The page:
If one Connecticut lawmaker has his way, Halloween might get a little more random.
State Rep. Tim Larson is proposing that the Connecticut legislature permanently designate the last Saturday in October as Halloween. He says it would make the holiday less difficult for working parents, safer for trick-or-treaters and a boost to the economy as well.
“Halloween is fun night for the whole family, but not so much when you have to race home from work, get the kids ready for trick-or-treating, welcome the neighborhood children, and then try to get everyone to bed for an early school and work morning,” Larson said in a statement outlining his proposal.
But the proposal has met resistance from Connecticut Governor Dannel P. Malloy. “The Governor is worried about confusing the ghosts, goblins, and witches — so he thinks leaving Halloween on Oct. 31st is the right thing to do,” his press secretary Juliet Manalan told The Hartford Courant. “No disrespect intended toward Rep. Larson, of course.”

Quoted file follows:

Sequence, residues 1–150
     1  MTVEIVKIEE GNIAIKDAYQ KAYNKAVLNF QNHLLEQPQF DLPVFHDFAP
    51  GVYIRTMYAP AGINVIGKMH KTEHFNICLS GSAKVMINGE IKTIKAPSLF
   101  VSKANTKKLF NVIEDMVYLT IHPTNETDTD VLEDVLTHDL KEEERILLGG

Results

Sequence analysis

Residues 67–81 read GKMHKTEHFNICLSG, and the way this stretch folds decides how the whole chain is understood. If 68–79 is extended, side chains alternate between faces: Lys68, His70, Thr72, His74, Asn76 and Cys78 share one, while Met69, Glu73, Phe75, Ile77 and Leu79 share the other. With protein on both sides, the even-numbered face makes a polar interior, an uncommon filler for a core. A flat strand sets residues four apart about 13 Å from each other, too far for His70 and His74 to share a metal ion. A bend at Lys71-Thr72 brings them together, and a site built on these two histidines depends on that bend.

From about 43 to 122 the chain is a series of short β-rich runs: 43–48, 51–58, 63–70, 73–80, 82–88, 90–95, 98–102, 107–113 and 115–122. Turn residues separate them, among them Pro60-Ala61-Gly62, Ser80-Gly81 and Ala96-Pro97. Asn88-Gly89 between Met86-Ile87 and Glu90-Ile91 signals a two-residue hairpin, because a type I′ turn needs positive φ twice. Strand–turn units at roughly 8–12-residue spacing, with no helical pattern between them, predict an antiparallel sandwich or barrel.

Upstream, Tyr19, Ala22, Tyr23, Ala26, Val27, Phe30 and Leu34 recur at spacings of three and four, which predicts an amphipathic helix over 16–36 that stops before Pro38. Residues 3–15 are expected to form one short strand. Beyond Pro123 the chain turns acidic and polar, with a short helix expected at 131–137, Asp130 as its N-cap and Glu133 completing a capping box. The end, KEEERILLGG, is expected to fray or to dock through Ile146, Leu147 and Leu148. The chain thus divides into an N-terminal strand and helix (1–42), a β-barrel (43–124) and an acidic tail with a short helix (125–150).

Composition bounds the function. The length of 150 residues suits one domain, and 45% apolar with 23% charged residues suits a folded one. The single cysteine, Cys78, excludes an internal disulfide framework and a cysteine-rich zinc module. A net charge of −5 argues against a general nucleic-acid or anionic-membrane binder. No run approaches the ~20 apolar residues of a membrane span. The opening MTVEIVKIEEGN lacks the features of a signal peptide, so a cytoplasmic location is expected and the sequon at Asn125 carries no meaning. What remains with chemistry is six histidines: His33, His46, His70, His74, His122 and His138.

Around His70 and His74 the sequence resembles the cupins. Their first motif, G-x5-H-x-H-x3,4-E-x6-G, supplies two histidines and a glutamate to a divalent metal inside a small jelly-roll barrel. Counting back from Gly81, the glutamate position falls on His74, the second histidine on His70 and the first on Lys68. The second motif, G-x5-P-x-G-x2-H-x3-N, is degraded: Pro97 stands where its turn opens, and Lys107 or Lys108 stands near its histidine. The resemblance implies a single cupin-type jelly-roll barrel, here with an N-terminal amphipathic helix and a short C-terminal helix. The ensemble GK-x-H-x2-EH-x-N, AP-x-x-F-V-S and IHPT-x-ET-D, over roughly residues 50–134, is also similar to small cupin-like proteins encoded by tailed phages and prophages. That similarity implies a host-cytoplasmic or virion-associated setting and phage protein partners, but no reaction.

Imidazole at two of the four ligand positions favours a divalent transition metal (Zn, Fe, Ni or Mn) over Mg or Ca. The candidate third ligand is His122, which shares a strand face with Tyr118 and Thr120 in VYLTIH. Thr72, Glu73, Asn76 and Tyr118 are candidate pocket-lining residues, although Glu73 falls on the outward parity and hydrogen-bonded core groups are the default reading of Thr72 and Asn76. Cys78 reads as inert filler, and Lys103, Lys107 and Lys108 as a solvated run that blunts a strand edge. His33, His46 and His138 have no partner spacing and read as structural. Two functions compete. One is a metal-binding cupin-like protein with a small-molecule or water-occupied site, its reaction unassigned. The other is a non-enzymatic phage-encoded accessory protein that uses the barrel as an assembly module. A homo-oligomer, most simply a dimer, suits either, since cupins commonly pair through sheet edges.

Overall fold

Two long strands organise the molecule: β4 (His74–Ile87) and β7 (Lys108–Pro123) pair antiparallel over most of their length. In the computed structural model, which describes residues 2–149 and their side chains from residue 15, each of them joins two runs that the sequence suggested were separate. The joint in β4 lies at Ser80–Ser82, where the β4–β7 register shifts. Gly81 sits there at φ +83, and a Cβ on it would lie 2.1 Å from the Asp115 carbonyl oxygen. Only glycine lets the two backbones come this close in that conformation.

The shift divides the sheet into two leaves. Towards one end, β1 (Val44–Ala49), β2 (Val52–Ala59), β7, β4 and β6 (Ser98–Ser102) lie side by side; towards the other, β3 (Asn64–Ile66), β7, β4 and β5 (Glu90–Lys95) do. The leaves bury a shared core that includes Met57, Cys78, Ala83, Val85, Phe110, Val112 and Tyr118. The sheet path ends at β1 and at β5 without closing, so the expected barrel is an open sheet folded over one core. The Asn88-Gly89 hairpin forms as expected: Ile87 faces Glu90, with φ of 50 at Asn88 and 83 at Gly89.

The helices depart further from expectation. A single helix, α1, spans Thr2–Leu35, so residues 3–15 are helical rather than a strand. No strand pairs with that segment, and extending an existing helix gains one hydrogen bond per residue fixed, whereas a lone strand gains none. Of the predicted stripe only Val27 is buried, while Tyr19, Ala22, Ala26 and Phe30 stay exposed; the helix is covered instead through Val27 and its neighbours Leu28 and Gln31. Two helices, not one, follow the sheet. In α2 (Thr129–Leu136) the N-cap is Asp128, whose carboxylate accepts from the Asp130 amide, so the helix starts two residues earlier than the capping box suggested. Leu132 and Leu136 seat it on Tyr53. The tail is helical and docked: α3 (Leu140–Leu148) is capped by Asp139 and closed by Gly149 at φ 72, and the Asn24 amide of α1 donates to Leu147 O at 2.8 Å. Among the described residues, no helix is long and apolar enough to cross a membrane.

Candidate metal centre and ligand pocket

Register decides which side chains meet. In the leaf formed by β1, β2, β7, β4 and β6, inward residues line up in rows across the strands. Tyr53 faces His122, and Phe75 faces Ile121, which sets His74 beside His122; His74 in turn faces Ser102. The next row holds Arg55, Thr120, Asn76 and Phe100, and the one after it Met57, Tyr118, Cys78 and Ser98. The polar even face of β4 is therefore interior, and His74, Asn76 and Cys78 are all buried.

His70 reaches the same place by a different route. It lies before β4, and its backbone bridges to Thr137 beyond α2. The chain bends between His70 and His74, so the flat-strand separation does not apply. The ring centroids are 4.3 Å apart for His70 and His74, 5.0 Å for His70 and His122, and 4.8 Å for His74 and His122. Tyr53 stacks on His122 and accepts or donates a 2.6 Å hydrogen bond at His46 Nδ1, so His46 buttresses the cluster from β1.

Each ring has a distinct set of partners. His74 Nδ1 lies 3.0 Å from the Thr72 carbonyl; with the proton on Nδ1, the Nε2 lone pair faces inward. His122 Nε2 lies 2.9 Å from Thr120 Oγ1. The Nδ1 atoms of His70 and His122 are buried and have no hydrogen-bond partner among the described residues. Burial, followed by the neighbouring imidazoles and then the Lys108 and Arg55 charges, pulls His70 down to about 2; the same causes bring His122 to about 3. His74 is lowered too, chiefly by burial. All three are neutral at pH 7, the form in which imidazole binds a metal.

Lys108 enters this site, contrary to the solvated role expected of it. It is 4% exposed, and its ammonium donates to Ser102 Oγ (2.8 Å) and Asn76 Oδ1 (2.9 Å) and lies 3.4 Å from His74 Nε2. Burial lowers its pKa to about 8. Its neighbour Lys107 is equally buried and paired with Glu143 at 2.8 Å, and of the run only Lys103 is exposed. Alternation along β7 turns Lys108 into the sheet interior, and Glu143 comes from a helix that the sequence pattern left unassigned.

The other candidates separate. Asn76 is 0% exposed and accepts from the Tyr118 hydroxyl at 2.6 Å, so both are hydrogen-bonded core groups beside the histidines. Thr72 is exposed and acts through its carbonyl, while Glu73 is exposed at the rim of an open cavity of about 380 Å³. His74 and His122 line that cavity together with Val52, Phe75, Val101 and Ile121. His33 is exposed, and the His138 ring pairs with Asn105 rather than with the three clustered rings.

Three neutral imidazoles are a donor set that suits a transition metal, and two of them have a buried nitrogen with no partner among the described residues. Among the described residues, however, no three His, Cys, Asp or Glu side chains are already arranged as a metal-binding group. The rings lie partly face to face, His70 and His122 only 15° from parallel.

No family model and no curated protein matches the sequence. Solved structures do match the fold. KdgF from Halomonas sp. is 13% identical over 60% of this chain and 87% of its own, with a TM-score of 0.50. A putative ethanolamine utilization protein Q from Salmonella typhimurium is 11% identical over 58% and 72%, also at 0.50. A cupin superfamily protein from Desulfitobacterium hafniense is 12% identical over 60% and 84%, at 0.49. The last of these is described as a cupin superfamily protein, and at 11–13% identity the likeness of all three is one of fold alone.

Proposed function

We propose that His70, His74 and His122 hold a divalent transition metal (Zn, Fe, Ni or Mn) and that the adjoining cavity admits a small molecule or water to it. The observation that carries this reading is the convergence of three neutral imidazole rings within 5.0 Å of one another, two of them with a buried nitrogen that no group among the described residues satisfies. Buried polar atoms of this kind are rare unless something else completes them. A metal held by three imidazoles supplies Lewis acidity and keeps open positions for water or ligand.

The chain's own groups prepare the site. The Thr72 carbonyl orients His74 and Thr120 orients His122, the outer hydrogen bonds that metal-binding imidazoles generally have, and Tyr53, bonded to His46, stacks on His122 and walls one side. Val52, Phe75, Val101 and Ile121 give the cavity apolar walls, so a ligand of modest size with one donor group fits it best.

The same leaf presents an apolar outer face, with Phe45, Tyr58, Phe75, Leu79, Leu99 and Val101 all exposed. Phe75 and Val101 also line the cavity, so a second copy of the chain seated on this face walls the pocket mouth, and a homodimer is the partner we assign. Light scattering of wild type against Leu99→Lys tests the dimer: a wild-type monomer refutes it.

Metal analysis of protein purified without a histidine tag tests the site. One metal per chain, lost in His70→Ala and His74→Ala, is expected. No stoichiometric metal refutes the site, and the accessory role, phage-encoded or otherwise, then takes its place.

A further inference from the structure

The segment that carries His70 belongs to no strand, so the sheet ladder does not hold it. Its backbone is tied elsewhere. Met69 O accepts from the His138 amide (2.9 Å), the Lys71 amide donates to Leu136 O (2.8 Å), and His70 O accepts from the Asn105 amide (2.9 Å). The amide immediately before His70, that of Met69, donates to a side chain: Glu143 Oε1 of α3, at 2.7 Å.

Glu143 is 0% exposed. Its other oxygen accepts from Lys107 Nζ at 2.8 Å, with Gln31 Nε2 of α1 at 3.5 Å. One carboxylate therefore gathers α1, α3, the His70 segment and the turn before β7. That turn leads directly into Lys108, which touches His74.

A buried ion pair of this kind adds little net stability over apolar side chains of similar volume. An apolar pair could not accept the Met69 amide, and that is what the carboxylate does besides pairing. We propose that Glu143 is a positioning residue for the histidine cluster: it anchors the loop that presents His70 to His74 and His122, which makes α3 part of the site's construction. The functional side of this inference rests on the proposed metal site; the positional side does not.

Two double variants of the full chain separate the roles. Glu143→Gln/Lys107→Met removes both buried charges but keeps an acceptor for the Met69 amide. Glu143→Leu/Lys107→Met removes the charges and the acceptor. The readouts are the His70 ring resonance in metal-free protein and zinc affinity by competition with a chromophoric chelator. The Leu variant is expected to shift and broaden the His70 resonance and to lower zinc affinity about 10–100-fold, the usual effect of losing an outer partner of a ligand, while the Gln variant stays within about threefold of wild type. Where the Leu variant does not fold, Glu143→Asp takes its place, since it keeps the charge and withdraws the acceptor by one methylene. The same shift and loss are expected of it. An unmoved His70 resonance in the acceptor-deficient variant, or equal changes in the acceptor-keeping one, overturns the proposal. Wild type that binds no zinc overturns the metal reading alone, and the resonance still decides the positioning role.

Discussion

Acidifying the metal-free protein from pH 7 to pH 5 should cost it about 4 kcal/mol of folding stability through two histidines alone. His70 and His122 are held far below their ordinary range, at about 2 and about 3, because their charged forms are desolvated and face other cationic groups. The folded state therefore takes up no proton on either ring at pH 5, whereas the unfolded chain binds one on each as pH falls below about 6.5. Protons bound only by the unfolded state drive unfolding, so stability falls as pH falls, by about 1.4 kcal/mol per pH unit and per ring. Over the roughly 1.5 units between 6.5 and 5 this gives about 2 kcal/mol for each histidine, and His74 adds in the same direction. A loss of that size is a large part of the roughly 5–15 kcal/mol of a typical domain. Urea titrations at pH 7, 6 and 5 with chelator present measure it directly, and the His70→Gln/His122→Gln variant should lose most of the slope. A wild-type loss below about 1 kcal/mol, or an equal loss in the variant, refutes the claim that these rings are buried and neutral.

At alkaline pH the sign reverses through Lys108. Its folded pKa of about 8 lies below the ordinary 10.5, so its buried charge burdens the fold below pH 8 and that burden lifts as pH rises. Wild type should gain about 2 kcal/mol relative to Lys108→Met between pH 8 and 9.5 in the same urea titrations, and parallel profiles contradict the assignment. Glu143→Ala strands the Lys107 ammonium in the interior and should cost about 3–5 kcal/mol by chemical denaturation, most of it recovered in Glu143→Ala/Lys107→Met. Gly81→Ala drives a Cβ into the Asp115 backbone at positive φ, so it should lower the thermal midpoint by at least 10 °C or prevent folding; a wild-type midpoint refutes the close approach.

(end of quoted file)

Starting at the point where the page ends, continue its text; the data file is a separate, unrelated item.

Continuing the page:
For his part, Larson recognizes that his idea is a long shot, and likely not a priority given the economic situation. “It’s kind of a whimsical idea, but it’s smart from a common-sense safety perspective,” Larson said, explaining that celebrating Halloween on a Saturday would allow for earlier trick-or-treating when there’s still a bit of daylight left.
Americans spend $7 billion annually on Halloween-related merchandise, according to the National Retail Federation. The recession has not hampered this trend, either.
Halloween isn’t an official state holiday, but Larson compares his proposal to the government proclamation that Thanksgiving be celebrated on the fourth Thursday in November.
“This would be good for the economy and make Halloween a more family-friendly event every year,” he said in the statement. “Everyone looks forward to Halloween a little more when it falls on the weekend.”